According to a study, dark matter, the mysterious material that exerts gravitational attraction but emits no light, might really be massive concentrations of ancient black holes produced at the very beginning of the universe.
This conclusion is based on an examination of the gravitational waves, or ripples in space-time, produced by two distant collisions of black holes and neutron stars.
The ripples — labeled GW190425 and GW190814 — were detected in 2019 by the Laser Interferometer Gravitational-Wave Observatory (LIGO) in Washington and Louisiana, and the Virgo Interferometer near Pisa, Italy. A previous analysis suggested the ripples were produced by collisions between black holes between 1.7 and 2.6 times the mass of our sun and either a smaller neutron star or a much larger black hole.
However, one of the objects in each collision would be a solar-mass black hole, with roughly the mass of the sun.
“Solar-mass black holes are quite mysterious, as they are not expected from conventional astrophysics,” such as the star explosions, or supernovas, that crush larger stars into black holes, the study lead author, Volodymyr Takhistov of the University of California, Los Angeles, told Live Science in an email.
Instead, the authors of the study, which was published in the journal Physical Review Letters, argue that these solar mass black holes were generated during the Big Bang. Or they might have formed later when neutron stars were transmuted into black holes — either by swallowing primordial black holes or by absorbing certain proposed forms of dark matter, the mysterious matter that exerts gravitational attraction but does not interact with light, according to Takhistov.
Primordial black holes
If primordial black holes exist, they were most likely formed in large numbers within the first second of the Big Bang 13.77 billion years ago. They would have arrived in various shapes and sizes, with the smallest would have been microscopic and the greatest being tens of thousands of times the mass of our sun.
According to calculations, the smallest would have “evaporated” by now by emitting quantum particles via a process known as Hawking radiation, leaving only primordial black holes with masses of more than 1011 kilograms — around the mass of a small asteroid — to exist today.
Some astrophysicists believe that if these ancient black holes exist, they might make up the vast halos of “dark matter” that surround galaxies.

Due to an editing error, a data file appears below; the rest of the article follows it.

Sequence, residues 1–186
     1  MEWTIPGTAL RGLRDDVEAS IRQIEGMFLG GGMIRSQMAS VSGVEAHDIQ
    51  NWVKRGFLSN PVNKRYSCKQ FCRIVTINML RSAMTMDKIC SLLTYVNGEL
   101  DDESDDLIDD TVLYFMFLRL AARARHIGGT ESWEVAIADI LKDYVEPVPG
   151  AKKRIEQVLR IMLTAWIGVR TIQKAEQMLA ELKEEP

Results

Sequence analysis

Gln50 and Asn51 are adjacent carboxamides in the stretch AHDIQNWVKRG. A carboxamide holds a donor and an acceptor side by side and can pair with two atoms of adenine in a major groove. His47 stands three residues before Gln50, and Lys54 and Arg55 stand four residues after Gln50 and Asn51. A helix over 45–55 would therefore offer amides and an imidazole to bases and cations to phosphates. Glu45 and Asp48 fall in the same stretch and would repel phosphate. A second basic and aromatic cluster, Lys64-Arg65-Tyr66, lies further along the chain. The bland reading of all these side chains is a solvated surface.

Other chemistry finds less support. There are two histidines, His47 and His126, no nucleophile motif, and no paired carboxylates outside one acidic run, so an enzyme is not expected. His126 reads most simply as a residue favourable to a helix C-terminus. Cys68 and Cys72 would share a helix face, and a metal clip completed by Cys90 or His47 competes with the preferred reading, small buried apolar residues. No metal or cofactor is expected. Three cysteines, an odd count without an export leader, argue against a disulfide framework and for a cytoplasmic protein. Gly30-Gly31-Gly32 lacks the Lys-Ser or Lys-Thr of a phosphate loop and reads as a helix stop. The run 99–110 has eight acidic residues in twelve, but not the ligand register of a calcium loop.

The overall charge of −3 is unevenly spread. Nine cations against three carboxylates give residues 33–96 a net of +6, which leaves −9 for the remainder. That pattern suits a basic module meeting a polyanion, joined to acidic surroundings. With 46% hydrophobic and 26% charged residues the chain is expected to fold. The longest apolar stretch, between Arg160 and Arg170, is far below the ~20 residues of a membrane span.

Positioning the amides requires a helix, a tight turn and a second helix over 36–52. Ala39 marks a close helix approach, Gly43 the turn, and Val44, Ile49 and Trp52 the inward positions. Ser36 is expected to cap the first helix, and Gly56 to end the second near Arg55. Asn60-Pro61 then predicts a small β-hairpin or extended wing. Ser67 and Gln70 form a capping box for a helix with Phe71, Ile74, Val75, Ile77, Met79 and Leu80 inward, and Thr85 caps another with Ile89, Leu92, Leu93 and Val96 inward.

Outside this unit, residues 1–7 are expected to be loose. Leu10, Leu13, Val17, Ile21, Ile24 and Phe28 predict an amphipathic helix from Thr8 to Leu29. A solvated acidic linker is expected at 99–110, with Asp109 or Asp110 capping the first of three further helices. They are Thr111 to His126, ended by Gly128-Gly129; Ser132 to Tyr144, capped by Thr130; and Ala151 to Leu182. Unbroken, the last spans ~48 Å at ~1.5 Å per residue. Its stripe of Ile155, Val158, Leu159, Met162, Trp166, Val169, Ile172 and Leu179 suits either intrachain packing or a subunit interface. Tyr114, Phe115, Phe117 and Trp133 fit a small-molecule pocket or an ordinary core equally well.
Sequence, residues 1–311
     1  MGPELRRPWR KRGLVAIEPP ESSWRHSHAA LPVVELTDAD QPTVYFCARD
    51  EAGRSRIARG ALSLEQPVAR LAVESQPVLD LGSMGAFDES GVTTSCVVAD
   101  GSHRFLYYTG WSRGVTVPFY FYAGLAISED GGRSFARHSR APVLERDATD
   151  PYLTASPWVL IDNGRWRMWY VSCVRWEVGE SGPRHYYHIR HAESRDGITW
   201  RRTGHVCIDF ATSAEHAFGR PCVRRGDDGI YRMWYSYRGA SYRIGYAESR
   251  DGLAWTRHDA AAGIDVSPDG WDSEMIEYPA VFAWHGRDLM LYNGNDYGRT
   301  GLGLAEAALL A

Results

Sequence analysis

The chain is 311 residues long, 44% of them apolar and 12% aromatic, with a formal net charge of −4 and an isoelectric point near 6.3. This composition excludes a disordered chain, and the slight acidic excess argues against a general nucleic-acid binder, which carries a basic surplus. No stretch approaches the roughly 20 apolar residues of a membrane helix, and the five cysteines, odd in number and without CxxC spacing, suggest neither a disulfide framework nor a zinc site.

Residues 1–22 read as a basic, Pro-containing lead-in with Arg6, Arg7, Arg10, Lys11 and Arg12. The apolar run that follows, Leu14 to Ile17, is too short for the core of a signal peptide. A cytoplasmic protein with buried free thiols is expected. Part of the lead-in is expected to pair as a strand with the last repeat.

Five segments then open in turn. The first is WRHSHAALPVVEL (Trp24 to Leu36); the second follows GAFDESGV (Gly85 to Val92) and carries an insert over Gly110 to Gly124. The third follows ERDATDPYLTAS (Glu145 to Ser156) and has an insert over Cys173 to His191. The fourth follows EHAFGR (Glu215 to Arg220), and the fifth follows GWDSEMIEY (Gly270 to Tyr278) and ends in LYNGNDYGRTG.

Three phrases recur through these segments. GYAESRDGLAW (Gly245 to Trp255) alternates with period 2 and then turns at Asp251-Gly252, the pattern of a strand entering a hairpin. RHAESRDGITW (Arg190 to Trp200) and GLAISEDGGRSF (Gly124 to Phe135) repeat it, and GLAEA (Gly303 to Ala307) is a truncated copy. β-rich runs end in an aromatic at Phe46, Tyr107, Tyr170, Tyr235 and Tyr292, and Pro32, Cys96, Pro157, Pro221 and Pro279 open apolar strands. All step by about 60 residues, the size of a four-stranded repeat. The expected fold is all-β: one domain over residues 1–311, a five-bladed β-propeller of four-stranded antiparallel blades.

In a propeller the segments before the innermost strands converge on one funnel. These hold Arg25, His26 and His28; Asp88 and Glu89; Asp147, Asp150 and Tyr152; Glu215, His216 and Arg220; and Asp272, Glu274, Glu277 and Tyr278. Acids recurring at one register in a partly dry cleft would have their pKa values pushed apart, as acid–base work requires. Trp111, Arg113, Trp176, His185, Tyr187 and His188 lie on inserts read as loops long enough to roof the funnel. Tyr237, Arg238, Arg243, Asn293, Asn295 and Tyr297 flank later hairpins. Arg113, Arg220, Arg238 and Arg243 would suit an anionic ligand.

The researchers sought to see if they could tell the difference between primordial black holes and black holes generated from neutron stars, the glimmering remnants of supernovas left behind after their parent stars exploded after burning up all of their hydrogen in nuclear fusion events.
According to Live Science, astrophysicists determined that stars less than around five times the mass of the sun collapse to leaving behind a neutron star of ultra-dense matter with roughly the mass of our sun packed into a ball the size of a city.
According to this theory, the extreme gravity of some neutron stars would have continuously drawn dark matter particles; eventually, their gravity would have gotten so powerful that the neutron star and dark matter would have merged into a black hole, according to the study.
The study proposes that a neutron star attracted and merged with a small primordial black hole, which then settled at the neutron star’s centre of mass and fed off the surrounding matter until only the black hole remained.
Takhistov and his colleagues reasoned that black holes formed by the transformation of neutron stars would have to have the same mass distribution as the neutron stars from which they originated, which is determined by the sizes of their parent stars.
Taking this into account, the researchers examined the data from the 50 or so gravitational wave detections made to date and discovered that just two of them — GW190425 and GW190814 — involved objects with the right masses to be primordial black holes, according to the study authors.
The study is not conclusive: it is still feasible that the two collisions contained neutron stars of the detected masses or black holes transmuted from neutron stars of those masses. However, the scientists believe that the mass distribution of neutron stars predicted to exist in the universe makes this unlikely.
“Our work advances a powerful test to understand their origin and relation with dark matter,” Takhistov said. “In particular, this test demonstrates that black holes significantly heavier than about 1.5 solar-masses are very unlikely to be ‘transmuted’ black holes from neutron star disruptions.”
According to the study, if this is the case, it suggests that primordial black holes may exist and be a component of dark matter.
Takhistov believes that when more gravitational wave detections are made, the procedure will become more accurate: “The test is statistical in nature, so gathering more data will allow for a better understanding.”